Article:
This is the first in a series of articles about the job schedule, including the work-in-progress (WIP) and contracts completed reports, which are critical components of contractors’ financial statements.
If your company needs to submit financial statements for bonding, you typically are required to include a list of all jobs open at the end of the reporting period, along with a list of jobs closed during the period. This job schedule is a necessary supporting document for any company that uses the percentage-of-completion (PoC) method of accounting for recognizing revenues on long-term contracts—as most construction businesses do.
The job schedule is an essential tool that helps sureties, lenders, and other interested parties assess your company’s financial performance and management capabilities. It also can serve as a valuable tool to help owners and managers do a better job of assessing and improving the company’s performance.
WIP Fundamentals—What, Who, and Why
The WIP report lists all projects that are still in progress as of the closing date of the financial statement. The schedule displays the relevant financial data for each project including the total estimated revenues and costs, the actual billings and costs incurred since the project’s inception, and the billings and costs incurred during the reporting period.
In addition to tracking the costs and expected profit margins associated with each job, sureties and other users look to the WIP schedule to track over- and under-billings. The schedule typically identifies these as “Billings in Excess of Costs” and “Costs in Excess of Billings.”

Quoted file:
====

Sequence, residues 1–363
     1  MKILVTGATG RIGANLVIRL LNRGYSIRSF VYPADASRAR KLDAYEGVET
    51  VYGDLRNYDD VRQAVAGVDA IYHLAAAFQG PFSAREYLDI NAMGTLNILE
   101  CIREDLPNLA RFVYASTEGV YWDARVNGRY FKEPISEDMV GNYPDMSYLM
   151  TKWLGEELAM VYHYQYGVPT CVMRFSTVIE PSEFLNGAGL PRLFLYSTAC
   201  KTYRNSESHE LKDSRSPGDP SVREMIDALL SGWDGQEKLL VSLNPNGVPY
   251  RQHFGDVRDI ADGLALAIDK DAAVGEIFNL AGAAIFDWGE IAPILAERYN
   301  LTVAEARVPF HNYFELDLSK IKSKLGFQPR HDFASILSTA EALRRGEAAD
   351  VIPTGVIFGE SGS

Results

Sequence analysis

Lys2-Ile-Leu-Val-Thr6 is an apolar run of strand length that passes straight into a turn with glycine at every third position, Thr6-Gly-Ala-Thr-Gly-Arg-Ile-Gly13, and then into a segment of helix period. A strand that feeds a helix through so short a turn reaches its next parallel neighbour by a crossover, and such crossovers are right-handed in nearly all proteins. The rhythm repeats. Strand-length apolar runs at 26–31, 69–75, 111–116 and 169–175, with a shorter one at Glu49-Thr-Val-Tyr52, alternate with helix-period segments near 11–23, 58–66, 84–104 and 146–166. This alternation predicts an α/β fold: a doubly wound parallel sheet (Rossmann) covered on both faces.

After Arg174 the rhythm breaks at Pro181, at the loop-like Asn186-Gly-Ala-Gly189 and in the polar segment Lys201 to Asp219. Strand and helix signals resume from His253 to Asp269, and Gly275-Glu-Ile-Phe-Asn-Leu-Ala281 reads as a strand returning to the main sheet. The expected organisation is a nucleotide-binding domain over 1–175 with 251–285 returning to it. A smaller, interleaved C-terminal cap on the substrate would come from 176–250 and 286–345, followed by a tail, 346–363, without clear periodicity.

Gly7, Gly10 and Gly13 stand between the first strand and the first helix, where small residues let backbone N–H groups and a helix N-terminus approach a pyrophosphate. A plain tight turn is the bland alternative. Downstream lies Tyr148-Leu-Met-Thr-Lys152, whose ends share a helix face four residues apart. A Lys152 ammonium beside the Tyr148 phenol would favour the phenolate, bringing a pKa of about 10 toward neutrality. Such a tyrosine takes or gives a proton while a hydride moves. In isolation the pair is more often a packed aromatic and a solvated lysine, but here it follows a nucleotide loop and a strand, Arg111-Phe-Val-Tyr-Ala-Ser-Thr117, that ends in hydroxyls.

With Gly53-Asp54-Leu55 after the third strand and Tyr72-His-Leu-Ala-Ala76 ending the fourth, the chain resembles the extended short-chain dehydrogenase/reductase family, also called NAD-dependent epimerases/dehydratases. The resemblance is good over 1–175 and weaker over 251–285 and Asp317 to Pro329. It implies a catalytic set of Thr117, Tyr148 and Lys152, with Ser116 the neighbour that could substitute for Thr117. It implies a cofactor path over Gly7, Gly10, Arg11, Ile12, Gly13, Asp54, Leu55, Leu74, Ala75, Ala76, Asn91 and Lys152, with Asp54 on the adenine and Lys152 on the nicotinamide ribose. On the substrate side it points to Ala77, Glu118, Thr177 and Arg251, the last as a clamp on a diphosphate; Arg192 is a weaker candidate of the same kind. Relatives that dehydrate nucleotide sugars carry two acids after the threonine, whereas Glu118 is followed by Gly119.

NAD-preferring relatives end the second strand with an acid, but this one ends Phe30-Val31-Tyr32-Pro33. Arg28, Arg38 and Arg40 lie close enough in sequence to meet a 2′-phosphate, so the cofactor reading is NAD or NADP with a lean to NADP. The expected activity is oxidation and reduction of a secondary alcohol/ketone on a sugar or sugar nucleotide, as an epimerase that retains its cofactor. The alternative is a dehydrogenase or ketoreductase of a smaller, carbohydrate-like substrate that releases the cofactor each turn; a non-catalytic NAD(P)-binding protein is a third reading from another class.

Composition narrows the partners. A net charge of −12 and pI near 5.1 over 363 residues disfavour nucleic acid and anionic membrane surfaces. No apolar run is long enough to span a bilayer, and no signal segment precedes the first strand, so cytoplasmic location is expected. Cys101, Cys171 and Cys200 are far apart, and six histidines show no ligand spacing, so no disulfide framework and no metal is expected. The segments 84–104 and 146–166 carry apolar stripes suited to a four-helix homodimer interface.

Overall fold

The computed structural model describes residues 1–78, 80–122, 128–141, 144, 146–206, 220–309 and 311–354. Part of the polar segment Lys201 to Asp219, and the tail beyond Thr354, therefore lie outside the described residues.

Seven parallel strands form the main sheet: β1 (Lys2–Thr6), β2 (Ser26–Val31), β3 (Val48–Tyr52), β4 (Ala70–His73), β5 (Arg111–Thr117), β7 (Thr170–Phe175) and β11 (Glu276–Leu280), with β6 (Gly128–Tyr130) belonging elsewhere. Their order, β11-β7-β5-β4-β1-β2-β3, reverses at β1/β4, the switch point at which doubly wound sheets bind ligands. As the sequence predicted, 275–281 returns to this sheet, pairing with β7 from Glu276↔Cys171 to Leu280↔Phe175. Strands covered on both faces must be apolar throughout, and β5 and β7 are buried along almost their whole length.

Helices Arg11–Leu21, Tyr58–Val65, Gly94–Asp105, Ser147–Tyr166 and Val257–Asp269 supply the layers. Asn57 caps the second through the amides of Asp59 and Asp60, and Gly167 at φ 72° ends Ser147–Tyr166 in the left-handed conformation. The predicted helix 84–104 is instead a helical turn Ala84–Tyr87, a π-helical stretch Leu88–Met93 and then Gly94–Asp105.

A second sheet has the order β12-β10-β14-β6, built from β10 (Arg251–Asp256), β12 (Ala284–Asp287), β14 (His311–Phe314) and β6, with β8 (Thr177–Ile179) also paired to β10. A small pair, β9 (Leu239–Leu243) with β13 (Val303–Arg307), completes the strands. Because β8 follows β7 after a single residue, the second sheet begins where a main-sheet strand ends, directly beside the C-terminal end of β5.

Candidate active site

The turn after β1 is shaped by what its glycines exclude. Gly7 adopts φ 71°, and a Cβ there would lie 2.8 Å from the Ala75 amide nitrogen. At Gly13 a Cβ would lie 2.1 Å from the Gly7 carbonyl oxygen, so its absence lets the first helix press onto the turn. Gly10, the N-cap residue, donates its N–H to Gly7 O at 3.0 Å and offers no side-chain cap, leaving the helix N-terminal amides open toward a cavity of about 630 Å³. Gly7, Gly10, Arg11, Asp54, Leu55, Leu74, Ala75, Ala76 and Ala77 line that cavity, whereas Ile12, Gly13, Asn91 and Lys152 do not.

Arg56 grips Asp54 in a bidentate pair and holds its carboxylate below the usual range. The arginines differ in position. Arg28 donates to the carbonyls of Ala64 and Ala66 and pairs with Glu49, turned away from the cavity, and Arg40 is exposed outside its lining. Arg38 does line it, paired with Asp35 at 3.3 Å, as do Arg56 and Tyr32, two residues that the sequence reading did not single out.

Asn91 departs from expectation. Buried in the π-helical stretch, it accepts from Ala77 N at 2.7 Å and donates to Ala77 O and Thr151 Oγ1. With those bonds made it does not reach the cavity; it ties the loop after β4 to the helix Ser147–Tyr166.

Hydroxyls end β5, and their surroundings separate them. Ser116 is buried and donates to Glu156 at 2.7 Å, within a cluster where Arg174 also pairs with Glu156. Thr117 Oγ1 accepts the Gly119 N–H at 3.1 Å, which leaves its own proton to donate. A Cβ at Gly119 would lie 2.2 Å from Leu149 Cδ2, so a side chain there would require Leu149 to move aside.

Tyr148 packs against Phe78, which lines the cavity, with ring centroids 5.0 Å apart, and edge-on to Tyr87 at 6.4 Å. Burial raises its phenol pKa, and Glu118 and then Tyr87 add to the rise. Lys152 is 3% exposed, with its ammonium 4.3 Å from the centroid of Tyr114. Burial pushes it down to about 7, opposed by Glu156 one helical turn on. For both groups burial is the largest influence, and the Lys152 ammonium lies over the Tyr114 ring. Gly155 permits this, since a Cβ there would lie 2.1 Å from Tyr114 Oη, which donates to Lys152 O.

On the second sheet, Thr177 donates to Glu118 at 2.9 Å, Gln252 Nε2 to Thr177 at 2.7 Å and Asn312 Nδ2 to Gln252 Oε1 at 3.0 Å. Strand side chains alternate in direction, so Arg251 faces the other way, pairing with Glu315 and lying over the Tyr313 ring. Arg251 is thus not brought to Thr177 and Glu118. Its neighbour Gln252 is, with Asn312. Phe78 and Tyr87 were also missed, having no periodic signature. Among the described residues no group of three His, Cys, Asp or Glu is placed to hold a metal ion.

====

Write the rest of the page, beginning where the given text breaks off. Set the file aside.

Under the PoC method, over-billing occurs when the percentage of a project’s expected revenue that has been billed to date exceeds the percentage of the expected costs that have been incurred. Analysts regard this as a sign that your company is managing its billings actively and staying ahead of costs.
On the other hand, under-billing occurs when the percentage of project costs that have been incurred so far is higher than the percentage of expected revenues that have been billed. Most sureties regard this as an early warning of possible profit fade and cash flow problems in the near future. Consistent under-billings can also lead the surety to question your company’s ability to estimate jobs accurately, which ultimately can lead to a further reduction in bonding capacity.
Which Jobs Should Be Listed?
One area that sometimes causes confusion when compiling the job schedule is the question of which projects should be listed. In their desire to be complete and open, contractors sometimes list work that should not be included on the job schedule.
Among the projects that should not be included are management-only projects—that is, projects for which your company is collecting a project management fee only and is not incurring direct project costs or liabilities such as material purchases or subcontractor fees. Such projects do generate salary costs and administrative expenses, but these typically are billed as the services are delivered—so there’s no substantial variation between billings and revenue recognition.
Likewise, ongoing maintenance or service contracts should not be listed on the job schedule. This is true even if the service contract is a long-term agreement that covers more than one reporting period.
In general, any project for which the PoC method is applied should be included on the job schedule. Here’s another common rule of thumb: if a project is performed in phases, that generally is a sign it should be on the job schedule.
The distinction between fee-based projects and long-term contracts is not always clear, however. So plan to work closely with your accounting professional to ensure that all appropriate jobs are listed—and those that are not are excluded.